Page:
Artigo em Inglês | MEDLINE | ID: mdl-28733487

RESUMO

Macrophages are critical immune cells for the clearance of microbial pathogens and cellular debris from peripheral tissues. Macrophage inflammatory responses are governed by gene expression patterns, and these patterns are often subject to epigenetic control. Chromatin modifications, such as histone methylation, regulate gene accessibility in macrophages, and macrophage polarization is governed in part by the expression and function of chromatin-modifying enzymes. The histone methyltransferase mixed-lineage leukemia 1 (MLL1) preferentially modifies lysine residue 4 on the unstructured protein tail of histone H3. MLL1 expression and function have been shown to be governed by signal transduction pathways that are activated by inflammatory stimuli, such as NF-κB. Therefore, we sought to investigate the role of MLL1 in mediating macrophage inflammatory responses. Bone marrow-derived macrophages from mice with a targeted MLL1 gene knockout (Lys2-Cre+/- MLL1fx/fx) exhibited decreased proinflammatory gene expression with concurrent decreases in activating histone methylation. However, MLL1-deficient macrophages also exhibited increased phagocytic and bacterial killing activity in vitro. RNA profiling of MLL1-knockout macrophages identified numerous genes involved with inflammatory responses whose expression was altered in response to TLR ligands or proinflammatory cytokines, including STAT4. STAT4-dependent cytokines, such as type I IFNs were able to drive MLL1 expression in macrophages, and MLL1-knockout macrophages exhibited decreased activating histone methylation in the STAT4 promoter. These results implicate an important role for MLL1-dependent epigenetic regulation of macrophage antimicrobial functions.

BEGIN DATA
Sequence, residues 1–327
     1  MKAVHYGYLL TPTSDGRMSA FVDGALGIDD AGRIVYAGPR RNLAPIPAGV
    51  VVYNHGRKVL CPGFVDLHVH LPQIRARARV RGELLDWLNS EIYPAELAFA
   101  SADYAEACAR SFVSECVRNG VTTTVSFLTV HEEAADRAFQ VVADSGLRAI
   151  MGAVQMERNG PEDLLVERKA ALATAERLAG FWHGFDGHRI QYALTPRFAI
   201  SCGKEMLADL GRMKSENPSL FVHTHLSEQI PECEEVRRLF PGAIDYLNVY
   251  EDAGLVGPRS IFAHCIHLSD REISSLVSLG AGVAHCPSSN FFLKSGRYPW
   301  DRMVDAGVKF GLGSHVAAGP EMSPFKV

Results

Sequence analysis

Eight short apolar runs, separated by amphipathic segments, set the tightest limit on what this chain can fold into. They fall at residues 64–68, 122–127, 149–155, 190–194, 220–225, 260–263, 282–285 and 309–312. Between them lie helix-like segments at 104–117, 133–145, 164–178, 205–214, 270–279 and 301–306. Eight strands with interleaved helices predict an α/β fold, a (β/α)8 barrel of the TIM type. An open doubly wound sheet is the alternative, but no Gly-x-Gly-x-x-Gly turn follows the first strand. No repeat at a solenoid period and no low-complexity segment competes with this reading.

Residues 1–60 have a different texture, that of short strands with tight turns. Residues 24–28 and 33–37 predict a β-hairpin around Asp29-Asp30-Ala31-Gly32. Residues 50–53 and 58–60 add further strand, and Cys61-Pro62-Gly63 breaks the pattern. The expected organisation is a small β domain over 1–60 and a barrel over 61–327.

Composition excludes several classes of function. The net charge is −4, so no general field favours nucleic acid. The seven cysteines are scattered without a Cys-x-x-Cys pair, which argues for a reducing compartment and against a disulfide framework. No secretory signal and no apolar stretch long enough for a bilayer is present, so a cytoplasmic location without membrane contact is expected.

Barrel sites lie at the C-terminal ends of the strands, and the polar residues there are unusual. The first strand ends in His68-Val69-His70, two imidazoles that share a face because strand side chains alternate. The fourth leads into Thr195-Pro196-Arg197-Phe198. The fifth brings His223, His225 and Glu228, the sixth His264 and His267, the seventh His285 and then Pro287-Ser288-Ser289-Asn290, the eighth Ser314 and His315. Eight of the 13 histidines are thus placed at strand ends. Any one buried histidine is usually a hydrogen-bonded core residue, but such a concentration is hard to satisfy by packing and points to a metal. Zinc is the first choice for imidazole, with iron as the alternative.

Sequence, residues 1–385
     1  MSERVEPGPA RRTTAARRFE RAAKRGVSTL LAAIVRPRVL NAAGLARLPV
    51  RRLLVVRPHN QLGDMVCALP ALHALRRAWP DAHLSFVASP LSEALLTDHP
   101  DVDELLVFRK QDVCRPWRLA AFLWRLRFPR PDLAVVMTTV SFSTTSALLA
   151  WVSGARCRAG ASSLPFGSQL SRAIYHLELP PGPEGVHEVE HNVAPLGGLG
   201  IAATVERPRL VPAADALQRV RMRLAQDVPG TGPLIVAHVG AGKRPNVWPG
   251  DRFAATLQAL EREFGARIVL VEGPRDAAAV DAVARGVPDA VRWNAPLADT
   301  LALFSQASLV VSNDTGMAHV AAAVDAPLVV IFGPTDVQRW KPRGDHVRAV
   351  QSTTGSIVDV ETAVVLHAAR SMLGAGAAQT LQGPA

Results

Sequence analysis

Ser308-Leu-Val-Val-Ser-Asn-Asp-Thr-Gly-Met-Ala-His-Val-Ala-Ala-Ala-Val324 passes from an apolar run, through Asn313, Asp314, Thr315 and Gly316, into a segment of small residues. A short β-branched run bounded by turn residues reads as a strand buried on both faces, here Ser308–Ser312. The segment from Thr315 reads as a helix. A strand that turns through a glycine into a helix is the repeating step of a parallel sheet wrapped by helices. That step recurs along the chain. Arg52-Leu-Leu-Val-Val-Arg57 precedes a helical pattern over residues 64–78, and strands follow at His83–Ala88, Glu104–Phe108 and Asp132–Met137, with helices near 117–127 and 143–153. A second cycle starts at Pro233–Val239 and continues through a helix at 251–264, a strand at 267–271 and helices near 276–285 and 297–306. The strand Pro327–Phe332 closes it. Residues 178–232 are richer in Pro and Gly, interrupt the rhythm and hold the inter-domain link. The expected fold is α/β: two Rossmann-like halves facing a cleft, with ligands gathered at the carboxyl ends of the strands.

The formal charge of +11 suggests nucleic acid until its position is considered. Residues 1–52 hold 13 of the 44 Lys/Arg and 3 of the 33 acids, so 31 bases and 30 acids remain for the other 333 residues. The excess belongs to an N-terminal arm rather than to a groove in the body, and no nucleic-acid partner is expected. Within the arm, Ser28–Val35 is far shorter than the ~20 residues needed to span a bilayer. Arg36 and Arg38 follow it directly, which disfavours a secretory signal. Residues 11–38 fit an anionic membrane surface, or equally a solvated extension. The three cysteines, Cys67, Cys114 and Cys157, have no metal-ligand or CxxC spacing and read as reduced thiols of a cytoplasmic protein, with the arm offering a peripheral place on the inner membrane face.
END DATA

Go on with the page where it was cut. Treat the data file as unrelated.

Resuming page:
Assuntos
Epigênese Genética/imunologia , Histona-Lisina N-Metiltransferase/metabolismo , Infecções/imunologia , Macrófagos/imunologia , Proteína de Leucina Linfoide-Mieloide/metabolismo , Fator de Transcrição STAT4/metabolismo , Animais , Bacteriólise , Células Cultivadas , Montagem e Desmontagem da Cromatina , Regulação da Expressão Gênica , Histona-Lisina N-Metiltransferase/genética , Histonas/metabolismo , Imunidade Inata , Camundongos , Camundongos Endogâmicos C57BL , Camundongos Knockout , Proteína de Leucina Linfoide-Mieloide/genética , NF-kappa B/metabolismo , Fator de Transcrição STAT4/genética , Transdução de Sinais , Transcriptoma
15.
Front Immunol ; 8: 635, 2017.
Artigo em Inglês | MEDLINE | ID: mdl-28620387

RESUMO